“Andy Pettitte and I sat there and talked before our Indy Car race, and it had nothing to do with baseball. We split up, were playing different games, then battled again on the Pop-a-Shot. I don’t normally see the pitchers during the day, so to get a chance to do that was well worth it.”
“I struggled in my first round of Pop-a-Shot when it counted on the bracket. When we came back for a side competition, that’s when I dominated.”
“Skee ball was difficult. I used to be good at Skee ball, but I was really disappointed at myself for my performance. I’ll need to go back and figure out this Skee ball machine compared to the ones I used to play.”
I’m playing catch-up on this, but Yankees general manager Brian Cashman spoke on Thursday at the University of New Haven in Connecticut and addressed several hot-button topics that fans have been curious about.
Via the Register Citizen’s Joe Morelli, with a hat tip to the iYankees blog for linking it first:
On not negotiating new contracts with Derek Jeter and Mariano Rivera right now, and some more context about Johnny Damon —
“The industry the last two free agent markets seems to be going
downward and the player’s ages are going upward,” Cashman said. “It
makes more sense to be patient. My attitude is if this is the place you
want to be, you will make it happen. Johnny Damon professed his love
for the Yankees, wanted to be here and was given every chance to be
here. He’s not here anymore and I don’t feel that is the Yankees’
fault. They have to reconcile why they are not here, not me.
people want to be here and be a part of something, then find a way to
work it out. Of course we want (Jeter, Rivera and Girardi) back, but we
choose to delay that until the end of the year.”
On the Yankees’ two-year, $14 million offer to Damon –
“I told (Damon and Boras), ‘I don’t know if Hal (Steinbrenner, the
team’s part owner) would approve it, but I’m not going to fight for it
unless we know you will do it,’” Cashman said. “Scott Boras said,
‘Bobby Abreu’s (new) contract is $9 million a year right now on the
table so why would we do that? So I expect to see a Bobby Abreu
contract.’ … I hope he does not sign for something less than our
offer. That means he should have been a Yankee and that’s not our
On how the Yankees’ budget looks for 2010 —
“If you ask everyone in the room if they would rather not have Curtis
Granderson because he costs X amount of dollars and Andy Pettitte
because he costs X amount, that gives you more money to sign the left
fielder who is dear to your heart in Johnny Damon,” Cashman said. “If
you ask most people right now, what would you rather have moving
forward, I think they would say they need Andy Pettitte for the
rotation and Curtis Granderson because he’s an all-star center fielder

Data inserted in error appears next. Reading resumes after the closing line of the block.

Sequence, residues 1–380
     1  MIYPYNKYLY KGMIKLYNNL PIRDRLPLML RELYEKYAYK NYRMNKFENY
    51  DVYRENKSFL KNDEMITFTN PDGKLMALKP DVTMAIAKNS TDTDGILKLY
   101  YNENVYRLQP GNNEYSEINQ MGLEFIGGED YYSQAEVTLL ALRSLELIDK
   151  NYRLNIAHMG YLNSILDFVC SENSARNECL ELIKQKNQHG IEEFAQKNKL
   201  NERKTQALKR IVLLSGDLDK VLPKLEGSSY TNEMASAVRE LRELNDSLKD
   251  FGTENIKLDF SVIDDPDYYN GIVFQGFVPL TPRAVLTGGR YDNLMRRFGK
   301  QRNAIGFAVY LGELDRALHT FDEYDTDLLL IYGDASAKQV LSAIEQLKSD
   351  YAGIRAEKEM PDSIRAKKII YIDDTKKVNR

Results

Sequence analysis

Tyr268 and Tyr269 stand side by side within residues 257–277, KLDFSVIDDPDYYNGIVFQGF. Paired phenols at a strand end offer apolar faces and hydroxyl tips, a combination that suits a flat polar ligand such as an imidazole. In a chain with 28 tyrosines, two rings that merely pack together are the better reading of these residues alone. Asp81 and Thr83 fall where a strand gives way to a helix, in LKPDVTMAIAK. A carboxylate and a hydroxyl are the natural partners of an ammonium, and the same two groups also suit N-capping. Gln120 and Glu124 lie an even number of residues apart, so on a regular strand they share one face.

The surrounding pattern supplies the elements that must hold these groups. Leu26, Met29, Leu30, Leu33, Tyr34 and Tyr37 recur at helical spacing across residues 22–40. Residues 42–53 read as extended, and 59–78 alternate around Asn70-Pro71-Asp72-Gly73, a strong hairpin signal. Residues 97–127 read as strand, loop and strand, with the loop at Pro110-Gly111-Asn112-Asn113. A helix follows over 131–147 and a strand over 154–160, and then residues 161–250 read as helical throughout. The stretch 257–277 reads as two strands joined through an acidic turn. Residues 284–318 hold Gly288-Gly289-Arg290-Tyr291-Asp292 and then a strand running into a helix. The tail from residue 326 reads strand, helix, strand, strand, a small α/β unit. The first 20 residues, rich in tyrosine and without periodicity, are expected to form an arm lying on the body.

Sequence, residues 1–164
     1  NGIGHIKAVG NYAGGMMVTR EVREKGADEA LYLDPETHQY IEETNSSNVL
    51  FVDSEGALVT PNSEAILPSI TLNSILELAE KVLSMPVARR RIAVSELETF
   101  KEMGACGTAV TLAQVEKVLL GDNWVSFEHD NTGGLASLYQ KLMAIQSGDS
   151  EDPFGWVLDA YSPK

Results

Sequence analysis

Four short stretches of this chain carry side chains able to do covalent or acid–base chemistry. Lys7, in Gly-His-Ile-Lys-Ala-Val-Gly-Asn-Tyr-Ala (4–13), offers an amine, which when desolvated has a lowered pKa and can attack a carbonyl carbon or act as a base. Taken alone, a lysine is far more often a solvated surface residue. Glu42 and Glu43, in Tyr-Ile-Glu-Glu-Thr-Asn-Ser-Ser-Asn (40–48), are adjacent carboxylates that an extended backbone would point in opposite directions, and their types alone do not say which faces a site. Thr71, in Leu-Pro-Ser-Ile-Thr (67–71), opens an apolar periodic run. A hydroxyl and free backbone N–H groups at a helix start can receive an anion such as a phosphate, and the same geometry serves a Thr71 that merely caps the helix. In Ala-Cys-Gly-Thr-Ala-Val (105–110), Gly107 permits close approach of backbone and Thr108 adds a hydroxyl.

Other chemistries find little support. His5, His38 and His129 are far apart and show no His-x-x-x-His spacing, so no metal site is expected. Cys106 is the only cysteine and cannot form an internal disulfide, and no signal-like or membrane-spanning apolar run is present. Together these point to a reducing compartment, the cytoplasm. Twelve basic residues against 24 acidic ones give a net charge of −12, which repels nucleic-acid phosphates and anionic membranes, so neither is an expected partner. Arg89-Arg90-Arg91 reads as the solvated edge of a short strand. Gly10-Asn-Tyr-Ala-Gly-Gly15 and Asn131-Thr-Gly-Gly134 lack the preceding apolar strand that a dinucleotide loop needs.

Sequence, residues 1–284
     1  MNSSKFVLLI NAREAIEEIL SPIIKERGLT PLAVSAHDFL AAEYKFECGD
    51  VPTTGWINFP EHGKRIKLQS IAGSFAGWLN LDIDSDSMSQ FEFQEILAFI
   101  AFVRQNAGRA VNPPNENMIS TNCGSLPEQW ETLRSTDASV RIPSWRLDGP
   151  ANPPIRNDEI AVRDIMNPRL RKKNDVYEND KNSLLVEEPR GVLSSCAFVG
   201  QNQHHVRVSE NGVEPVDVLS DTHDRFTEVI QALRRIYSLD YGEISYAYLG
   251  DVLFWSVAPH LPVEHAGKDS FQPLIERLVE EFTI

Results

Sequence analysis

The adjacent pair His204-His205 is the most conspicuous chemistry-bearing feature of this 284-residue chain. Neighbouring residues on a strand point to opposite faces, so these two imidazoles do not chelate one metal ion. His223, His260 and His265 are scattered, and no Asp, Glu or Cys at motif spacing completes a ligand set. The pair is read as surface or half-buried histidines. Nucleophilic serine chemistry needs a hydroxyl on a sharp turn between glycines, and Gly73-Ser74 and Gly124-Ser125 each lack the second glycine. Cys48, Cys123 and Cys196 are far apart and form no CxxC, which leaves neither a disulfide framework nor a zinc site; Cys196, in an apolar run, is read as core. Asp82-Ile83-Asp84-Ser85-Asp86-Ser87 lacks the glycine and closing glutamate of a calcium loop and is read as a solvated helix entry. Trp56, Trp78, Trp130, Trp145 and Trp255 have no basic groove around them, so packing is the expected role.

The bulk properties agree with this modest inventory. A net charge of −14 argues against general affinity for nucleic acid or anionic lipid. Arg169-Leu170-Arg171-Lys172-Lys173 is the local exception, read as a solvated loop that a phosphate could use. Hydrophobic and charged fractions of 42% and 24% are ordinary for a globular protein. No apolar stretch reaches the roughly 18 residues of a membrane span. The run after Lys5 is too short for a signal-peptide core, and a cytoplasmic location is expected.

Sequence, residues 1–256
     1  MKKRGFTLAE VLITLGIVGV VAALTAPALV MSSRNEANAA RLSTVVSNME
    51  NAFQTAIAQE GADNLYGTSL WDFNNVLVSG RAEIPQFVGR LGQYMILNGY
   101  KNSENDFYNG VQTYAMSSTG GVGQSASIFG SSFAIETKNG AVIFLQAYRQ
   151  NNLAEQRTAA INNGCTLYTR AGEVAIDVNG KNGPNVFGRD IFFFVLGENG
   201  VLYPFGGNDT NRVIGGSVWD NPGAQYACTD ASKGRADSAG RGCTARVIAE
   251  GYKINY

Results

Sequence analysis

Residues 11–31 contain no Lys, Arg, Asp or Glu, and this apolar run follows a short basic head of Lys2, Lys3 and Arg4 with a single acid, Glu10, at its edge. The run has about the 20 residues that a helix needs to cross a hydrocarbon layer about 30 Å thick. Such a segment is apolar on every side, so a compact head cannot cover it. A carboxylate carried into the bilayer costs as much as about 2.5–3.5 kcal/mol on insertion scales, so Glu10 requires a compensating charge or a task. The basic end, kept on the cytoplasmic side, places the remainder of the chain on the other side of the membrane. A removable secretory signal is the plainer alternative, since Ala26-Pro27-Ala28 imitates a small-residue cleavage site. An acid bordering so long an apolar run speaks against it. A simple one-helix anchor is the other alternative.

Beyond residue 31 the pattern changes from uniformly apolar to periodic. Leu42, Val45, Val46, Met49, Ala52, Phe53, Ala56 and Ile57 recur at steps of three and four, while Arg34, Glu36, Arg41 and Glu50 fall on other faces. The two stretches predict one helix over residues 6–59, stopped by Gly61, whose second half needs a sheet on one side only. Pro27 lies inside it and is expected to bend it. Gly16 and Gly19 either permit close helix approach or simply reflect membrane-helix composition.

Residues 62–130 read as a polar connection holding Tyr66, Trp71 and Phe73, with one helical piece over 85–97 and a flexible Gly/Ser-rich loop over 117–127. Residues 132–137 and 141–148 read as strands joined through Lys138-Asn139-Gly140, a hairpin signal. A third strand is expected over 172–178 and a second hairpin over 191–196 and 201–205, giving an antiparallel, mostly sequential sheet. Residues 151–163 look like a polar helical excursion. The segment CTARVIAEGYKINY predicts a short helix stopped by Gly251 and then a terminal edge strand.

who hit 30 homers at Comerica Park last year, who steals bases and is
(7) years younger. You can’t have everything.”
Hank Steinbrenner believes the Yankees are in position to repeat as World Series champions after adding pitcher Javier Vazquez and outfielder Curtis Granderson during the offseason.
The Yankees co-chairman spoke with the Associated Press on Thursday in Tampa, Fla., speaking highly of general manager’s Brian Cashman’s offseason moves to bolstered the rotation and change the appearance of New York’s outfield.
“The two trades that Brian did I was really pleased with and very proud of,” Steinbrenner told the AP. “I think that is going to make a big difference for us.”
Acquired from the Braves, Vazquez will slide into a rotation that already includes CC Sabathia, A.J. Burnett and Andy Pettitte, with the fifth starter still yet to be decided.
The hope is that Vazquez solves an issue the Yankees had last October, when they had to lean on a three-man rotation to get through the playoffs and World Series.
“We needed another top-notch starter and got one,” Steinbrenner said.
Now that the door has finally closed on all speculation of Johnny Damon’s return to the Yankees, it appears that GM Brian Cashman has completed the majority of the workload of the offseason, with only minor tweaking heading into the spring.
Randy Winn turned out to be the right-handed outfield bat that Cashman had been talking about, though he’s actually a switch-hitter. While Winn is coming off one of the most disappointing seasons of his career and was actually horrid against left-handed pitching (.158), he provides the Yankees with a good defensive option to complement Brett Gardner in the outfield as well as a veteran option and sharp baserunning instincts.
He could share time with Gardner in left field or center field, depending on where the Yankees decide to play him, but it’s not out of the realm of possibility to think that Winn might beat out Gardner for a job outright (be it left field or center field).
The Yankees haven’t officially announced the Winn move – he took his physical on Thursday in New York – but it’s only a matter of time. Even Joe Girardi acknowledged the transaction in an interview on Thursday with WFAN.
Cashman popped on with the Yankees Hot Stove crew Thursday night and went over a variety of issues in a 10-minute interview, noting that the book closed on Damon “a long time ago,” though the he-said, he-said drama between Cashman and agent Scott Boras continues to percolate.
Though no one can really be sure of everything that transpired, I have to imagine that Damon was genuine in his desire to return to the Yankees, based upon all of his conversations with the media. Certainly, the Yankees’ players were hoping he’d work something out, and on some level Cashman would have liked him back as well – but at his price, which they never really got close to.
“We had a strong desire to have Johnny back, but not at all costs,” Cashman said on YES.